BEIRUT (AP) — The Latest on Syria developments (all times local):

4:45 p.m.

Jordan's foreign minister says his country's border with Syria will remain closed, as thousands of people in southern Syria flee a government offensive.

The U.N. estimated Tuesday some 50,000 people fled their homes in the southern Deraa province over the past week, as forces loyal to Syrian President Bashar Assad move deeper into the area. U.N. officials said many of the displaced are heading toward the border with Jordan, without an apparent escape route.

Jordanian Foreign Minister Ayman Safadi wrote Tuesday on Twitter that "our borders will remain closed," and that it's up to the United Nations to provide security in southern Syria.

Since Syria's civil war began in 2011, Jordan has taken in 660,000 registered Syrian refugees, and it says the actual number is double that.


2:55 p.m.

The U.N. has estimated that about 45,000 Syrians have been displaced since government troops and their allies launched an offensive in the southern part of the country a week ago.

Jens Laerke, a spokesman for the U.N. Office for the Coordination of Humanitarian Affairs, or OCHA, said on Tuesday that those fleeing fighting in the southern Daraa province were moving closer to the sealed border with Jordan, with no apparent escape route.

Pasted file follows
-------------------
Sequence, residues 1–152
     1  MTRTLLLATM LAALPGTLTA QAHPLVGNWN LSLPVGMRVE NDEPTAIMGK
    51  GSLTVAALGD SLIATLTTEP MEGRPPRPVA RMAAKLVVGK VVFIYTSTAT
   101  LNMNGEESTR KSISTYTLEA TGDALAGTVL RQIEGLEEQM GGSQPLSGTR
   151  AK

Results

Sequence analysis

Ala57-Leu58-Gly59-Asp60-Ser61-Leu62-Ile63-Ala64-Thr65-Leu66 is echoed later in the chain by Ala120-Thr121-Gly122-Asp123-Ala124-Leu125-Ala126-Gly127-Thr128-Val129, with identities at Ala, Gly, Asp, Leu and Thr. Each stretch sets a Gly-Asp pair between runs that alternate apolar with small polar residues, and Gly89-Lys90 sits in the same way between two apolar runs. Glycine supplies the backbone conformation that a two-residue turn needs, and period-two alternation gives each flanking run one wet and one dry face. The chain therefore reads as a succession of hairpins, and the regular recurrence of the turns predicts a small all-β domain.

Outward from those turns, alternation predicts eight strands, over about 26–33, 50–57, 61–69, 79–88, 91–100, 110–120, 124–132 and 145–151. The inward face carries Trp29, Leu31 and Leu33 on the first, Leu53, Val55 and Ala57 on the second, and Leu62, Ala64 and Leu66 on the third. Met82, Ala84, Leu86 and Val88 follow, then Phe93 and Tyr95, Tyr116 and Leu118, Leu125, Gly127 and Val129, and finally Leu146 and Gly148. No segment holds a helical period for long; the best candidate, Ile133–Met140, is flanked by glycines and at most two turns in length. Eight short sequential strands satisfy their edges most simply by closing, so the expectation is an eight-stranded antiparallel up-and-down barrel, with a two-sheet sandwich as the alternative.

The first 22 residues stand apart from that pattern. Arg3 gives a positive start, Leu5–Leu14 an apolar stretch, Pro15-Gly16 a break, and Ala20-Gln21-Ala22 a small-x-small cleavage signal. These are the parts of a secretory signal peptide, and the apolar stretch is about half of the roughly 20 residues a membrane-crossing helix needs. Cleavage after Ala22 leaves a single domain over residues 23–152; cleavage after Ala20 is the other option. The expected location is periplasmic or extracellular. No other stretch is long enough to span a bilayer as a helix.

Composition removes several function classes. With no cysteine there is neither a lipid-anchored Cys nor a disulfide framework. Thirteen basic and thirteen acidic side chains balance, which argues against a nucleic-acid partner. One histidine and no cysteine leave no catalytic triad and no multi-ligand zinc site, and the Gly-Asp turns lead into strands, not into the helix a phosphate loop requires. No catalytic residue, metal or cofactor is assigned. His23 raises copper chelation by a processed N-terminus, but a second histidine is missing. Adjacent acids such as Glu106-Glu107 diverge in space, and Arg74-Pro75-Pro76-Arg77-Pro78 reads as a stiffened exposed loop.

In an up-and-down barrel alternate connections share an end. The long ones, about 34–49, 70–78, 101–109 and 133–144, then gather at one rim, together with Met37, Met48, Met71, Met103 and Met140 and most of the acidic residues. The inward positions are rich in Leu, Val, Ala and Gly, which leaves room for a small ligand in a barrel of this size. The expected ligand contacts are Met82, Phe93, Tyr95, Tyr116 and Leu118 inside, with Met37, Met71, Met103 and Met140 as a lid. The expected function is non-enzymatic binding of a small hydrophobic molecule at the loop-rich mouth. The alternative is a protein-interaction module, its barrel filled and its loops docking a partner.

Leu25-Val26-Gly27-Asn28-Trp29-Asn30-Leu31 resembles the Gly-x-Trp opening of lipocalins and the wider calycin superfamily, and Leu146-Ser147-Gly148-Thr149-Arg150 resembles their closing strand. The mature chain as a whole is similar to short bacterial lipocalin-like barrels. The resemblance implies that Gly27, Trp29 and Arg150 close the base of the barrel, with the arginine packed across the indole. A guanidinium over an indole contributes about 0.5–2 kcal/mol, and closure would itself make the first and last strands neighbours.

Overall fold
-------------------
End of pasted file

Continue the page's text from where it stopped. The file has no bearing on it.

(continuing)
A Jordanian government spokeswoman said earlier this week that the kingdom would not take in any more Syrians.

Jordan is already hosting about 660,000 registered Syrian refugees and estimates that the number of displaced Syrians in the overburdened country is twice as high.

Laerke said aid officials are "deeply concerned" about the safety of the displaced who he said are fleeing ground fighting and air strikes.


8:45 a.m.

Syria state media reports that two Israeli missiles have struck an area near the Damascus International Airport but didn't name a target.

State news agency SANA says the strike Tuesday happened shortly after midnight. The agency linked the reported Israeli attack to the government's ongoing offensive against rebel groups in Syria's southwestern region, which borders Israeli-occupied Golan Heights and Jordan.

SANA said the strike is part of Israel's support for the rebels amid their "major losses" in the south and elsewhere in Syria.

The Britain-based Syrian Observatory for Human Rights also reported the strikes, saying Israeli jets flew over the Golan Heights and targeted suspected weapons depots for Iranian-backed militias.

The area has come under repeated attacks, mostly believed to be by Israel. Israel rarely comments on such strikes.